Hmm…. I’m pretty proud of the fact that we’ve been a band for a while now, and are still really excited about the things we do. I don’t feel like we’ve gotten burned out, and still feel like there’s so much we have left to explore.
What artists that you listened to growing up most influence the music you’re now making?
I was pretty obsessed with bands like Sonic Youth, Flaming Lips, Mercury Rev, and Velvet Underground when I was in high school, and I know their musical ideas definitely creep into our music every once in a while. One of the things I liked most about those bands is that they were always more than just rock bands. All of those bands was/are first and foremost, excited about experimenting with sounds, but at the same time they know how to write amazingly beautiful songs. That’s a balance that we strive for as well.
How would you define success as a band?
I think bands are successful when they are making music that they are happy about. We were talking with a friend the other day, and he told us about a band that he knew who had been together for 20 years. They barely ever tour, and don’t really put out too many records, but have practiced every Tuesday night for the last 20 years. They just love what they’re doing, and love being together, and that’s really what it all boils down to. Making money and being recognized by your peers are great, but at the end of the day you have to be happy with what you are doing and whom you are doing it with. Those are the measures of success to me.
So, a tour ends, and you all head back to Austin. What’s the first place you go? And, if it’s different, what is your favorite spot in Austin?
There are so many great things about Austin. We all love swimming at Barton Springs, watching movies at the Alamo Drafthouse, and eating at our favorite restaurant, Uchi. Just being home is pretty amazing though!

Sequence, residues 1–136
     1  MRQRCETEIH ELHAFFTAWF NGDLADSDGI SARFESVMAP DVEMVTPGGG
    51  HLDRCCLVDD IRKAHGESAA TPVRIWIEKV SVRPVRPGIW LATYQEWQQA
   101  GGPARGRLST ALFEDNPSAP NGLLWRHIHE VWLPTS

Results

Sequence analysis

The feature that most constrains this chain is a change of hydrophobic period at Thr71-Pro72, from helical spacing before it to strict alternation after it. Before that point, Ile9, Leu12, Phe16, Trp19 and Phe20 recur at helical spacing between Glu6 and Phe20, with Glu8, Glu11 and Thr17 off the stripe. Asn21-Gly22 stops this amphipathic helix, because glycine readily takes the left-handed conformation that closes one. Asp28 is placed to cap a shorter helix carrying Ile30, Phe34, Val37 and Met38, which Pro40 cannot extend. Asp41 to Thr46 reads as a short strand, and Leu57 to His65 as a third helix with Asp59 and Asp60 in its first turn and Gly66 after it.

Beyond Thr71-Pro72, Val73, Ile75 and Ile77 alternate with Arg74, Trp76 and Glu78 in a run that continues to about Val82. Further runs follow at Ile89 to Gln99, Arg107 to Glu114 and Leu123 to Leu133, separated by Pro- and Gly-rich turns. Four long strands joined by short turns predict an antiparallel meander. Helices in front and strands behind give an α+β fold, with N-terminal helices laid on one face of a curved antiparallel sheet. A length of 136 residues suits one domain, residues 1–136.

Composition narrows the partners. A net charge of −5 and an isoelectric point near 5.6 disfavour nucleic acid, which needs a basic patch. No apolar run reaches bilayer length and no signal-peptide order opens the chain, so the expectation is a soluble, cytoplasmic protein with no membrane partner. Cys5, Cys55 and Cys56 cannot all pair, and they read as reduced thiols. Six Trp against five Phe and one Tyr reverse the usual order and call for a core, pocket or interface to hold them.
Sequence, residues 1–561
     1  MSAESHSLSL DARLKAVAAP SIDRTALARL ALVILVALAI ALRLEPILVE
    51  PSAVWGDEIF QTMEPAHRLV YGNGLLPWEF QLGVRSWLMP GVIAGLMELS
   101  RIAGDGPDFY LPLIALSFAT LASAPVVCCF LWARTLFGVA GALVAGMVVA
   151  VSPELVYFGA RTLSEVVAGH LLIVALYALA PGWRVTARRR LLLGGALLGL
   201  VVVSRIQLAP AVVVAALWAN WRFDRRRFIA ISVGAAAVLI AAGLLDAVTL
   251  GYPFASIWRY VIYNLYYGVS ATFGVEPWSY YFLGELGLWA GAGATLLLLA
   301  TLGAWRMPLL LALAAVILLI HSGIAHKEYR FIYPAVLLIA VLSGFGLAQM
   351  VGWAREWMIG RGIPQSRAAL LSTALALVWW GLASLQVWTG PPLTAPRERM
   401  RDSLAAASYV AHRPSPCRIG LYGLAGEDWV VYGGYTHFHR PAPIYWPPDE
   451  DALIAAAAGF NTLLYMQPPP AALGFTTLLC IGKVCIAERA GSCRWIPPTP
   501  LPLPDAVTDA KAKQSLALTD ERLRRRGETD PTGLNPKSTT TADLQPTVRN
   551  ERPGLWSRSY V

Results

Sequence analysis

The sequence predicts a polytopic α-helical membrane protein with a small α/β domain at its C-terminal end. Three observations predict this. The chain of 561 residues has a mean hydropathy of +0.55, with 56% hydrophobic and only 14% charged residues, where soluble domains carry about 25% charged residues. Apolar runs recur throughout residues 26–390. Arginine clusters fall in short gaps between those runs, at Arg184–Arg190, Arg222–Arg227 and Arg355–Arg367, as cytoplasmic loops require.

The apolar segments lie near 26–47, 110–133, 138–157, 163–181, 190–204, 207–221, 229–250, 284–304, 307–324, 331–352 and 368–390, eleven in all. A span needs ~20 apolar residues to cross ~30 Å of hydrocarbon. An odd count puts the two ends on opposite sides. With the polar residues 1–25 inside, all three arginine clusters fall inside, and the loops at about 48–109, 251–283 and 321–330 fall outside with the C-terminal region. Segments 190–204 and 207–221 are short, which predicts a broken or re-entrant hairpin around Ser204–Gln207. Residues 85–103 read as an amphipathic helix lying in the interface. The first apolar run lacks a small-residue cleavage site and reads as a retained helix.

If budget wasn’t an issue, what kinds of things (if anything at all) would you like to incorporate into your live show?
I don’t know what we’d do. We’ve always had an enormously tiny budget, so we’ve had to work around that. I think there’s so much more you can do when you have no money versus a huge budget. It forces you to think more creatively.
Mp3: The Octopus Project - I Saw the Bright Shinies
Video: The Octopus Project - I Saw the Bright Shinies
Thursday, October 16, 2008
Some of you may have read about Passion Pit lately due to the release of their new video for "Sleepyhead," off of their EP Chunk of Change. That track is promising, but to me it doesn't stand up terribly well over repeated listenings. Thankfully, Passion Pit brings the real jams elsewhere on their EP. One of my favorites is "I've Got Your Number," which you can find below. For those of you that think you might like your MGMT with a bit of a Postal Service filter, give this one a shot.
Myspace: Passion Pit
Stream: Passion Pit - I've Got Your Number
Tuesday, October 14, 2008
I was trying to decide if I should post this song for the past few weeks, but as I can't get it out of my head, I think that's a sign that it's time. Maybe if I pass it along to others, we can share the "Ring ring, I hang up"'s. Try to think of it in a sharing candy kind of way, not in a videotape in The Ring kind of way.
Be sure to check out the 1:22-1:33 instrumental break in the song - it's a great little example of the attention to detail that the band shows at their best moments.
Mp3: Deerhoof - Offend Maggie
Thursday, October 09, 2008
I know nearly nothing about this artist, except that it is a solo project by Tyler Futrell, and that he's made a track worth sharing. The song starts off with a slow tempo and a guitar accompaniment, but takes a number of interesting turns as the full five minutes or so play out. Check it out for yourself below.
Mp3: Abrahamson & The Façade - Julie
Mp3: Abrahamson & The Façade - Julie